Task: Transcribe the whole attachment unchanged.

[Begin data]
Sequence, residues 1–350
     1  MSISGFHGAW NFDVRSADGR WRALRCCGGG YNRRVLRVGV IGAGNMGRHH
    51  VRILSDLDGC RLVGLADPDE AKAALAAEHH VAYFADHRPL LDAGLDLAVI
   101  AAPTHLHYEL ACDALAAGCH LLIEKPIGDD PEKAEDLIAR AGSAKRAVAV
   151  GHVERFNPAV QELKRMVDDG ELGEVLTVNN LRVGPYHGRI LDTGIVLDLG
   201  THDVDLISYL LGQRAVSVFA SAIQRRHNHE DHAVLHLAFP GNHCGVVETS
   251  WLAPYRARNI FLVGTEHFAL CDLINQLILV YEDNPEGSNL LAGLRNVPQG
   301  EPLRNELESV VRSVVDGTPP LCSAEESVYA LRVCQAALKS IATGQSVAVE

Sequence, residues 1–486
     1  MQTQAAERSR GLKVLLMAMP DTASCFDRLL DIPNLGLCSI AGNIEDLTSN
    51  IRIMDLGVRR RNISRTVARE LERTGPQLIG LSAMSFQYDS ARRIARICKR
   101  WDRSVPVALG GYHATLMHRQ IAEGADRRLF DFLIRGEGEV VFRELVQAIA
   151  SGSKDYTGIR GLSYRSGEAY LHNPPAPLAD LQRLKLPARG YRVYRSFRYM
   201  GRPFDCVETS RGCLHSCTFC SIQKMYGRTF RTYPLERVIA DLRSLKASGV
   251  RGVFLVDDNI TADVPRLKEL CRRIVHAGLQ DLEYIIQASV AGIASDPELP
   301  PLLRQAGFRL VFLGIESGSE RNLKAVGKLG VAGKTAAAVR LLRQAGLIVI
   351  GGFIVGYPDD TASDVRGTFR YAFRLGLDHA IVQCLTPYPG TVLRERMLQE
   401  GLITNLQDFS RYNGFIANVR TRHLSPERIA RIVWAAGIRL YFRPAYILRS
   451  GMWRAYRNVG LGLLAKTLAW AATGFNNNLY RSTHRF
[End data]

Sequence, residues 1–350
     1  MSISGFHGAW NFDVRSADGR WRALRCCGGG YNRRVLRVGV IGAGNMGRHH
    51  VRILSDLDGC RLVGLADPDE AKAALAAEHH VAYFADHRPL LDAGLDLAVI
   101  AAPTHLHYEL ACDALAAGCH LLIEKPIGDD PEKAEDLIAR AGSAKRAVAV
   151  GHVERFNPAV QELKRMVDDG ELGEVLTVNN LRVGPYHGRI LDTGIVLDLG
   201  THDVDLISYL LGQRAVSVFA SAIQRRHNHE DHAVLHLAFP GNHCGVVETS
   251  WLAPYRARNI FLVGTEHFAL CDLINQLILV YEDNPEGSNL LAGLRNVPQG
   301  EPLRNELESV VRSVVDGTPP LCSAEESVYA LRVCQAALKS IATGQSVAVE

Sequence, residues 1–486
     1  MQTQAAERSR GLKVLLMAMP DTASCFDRLL DIPNLGLCSI AGNIEDLTSN
    51  IRIMDLGVRR RNISRTVARE LERTGPQLIG LSAMSFQYDS ARRIARICKR
   101  WDRSVPVALG GYHATLMHRQ IAEGADRRLF DFLIRGEGEV VFRELVQAIA
   151  SGSKDYTGIR GLSYRSGEAY LHNPPAPLAD LQRLKLPARG YRVYRSFRYM
   201  GRPFDCVETS RGCLHSCTFC SIQKMYGRTF RTYPLERVIA DLRSLKASGV
   251  RGVFLVDDNI TADVPRLKEL CRRIVHAGLQ DLEYIIQASV AGIASDPELP
   301  PLLRQAGFRL VFLGIESGSE RNLKAVGKLG VAGKTAAAVR LLRQAGLIVI
   351  GGFIVGYPDD TASDVRGTFR YAFRLGLDHA IVQCLTPYPG TVLRERMLQE
   401  GLITNLQDFS RYNGFIANVR TRHLSPERIA RIVWAAGIRL YFRPAYILRS
   451  GMWRAYRNVG LGLLAKTLAW AATGFNNNLY RSTHRF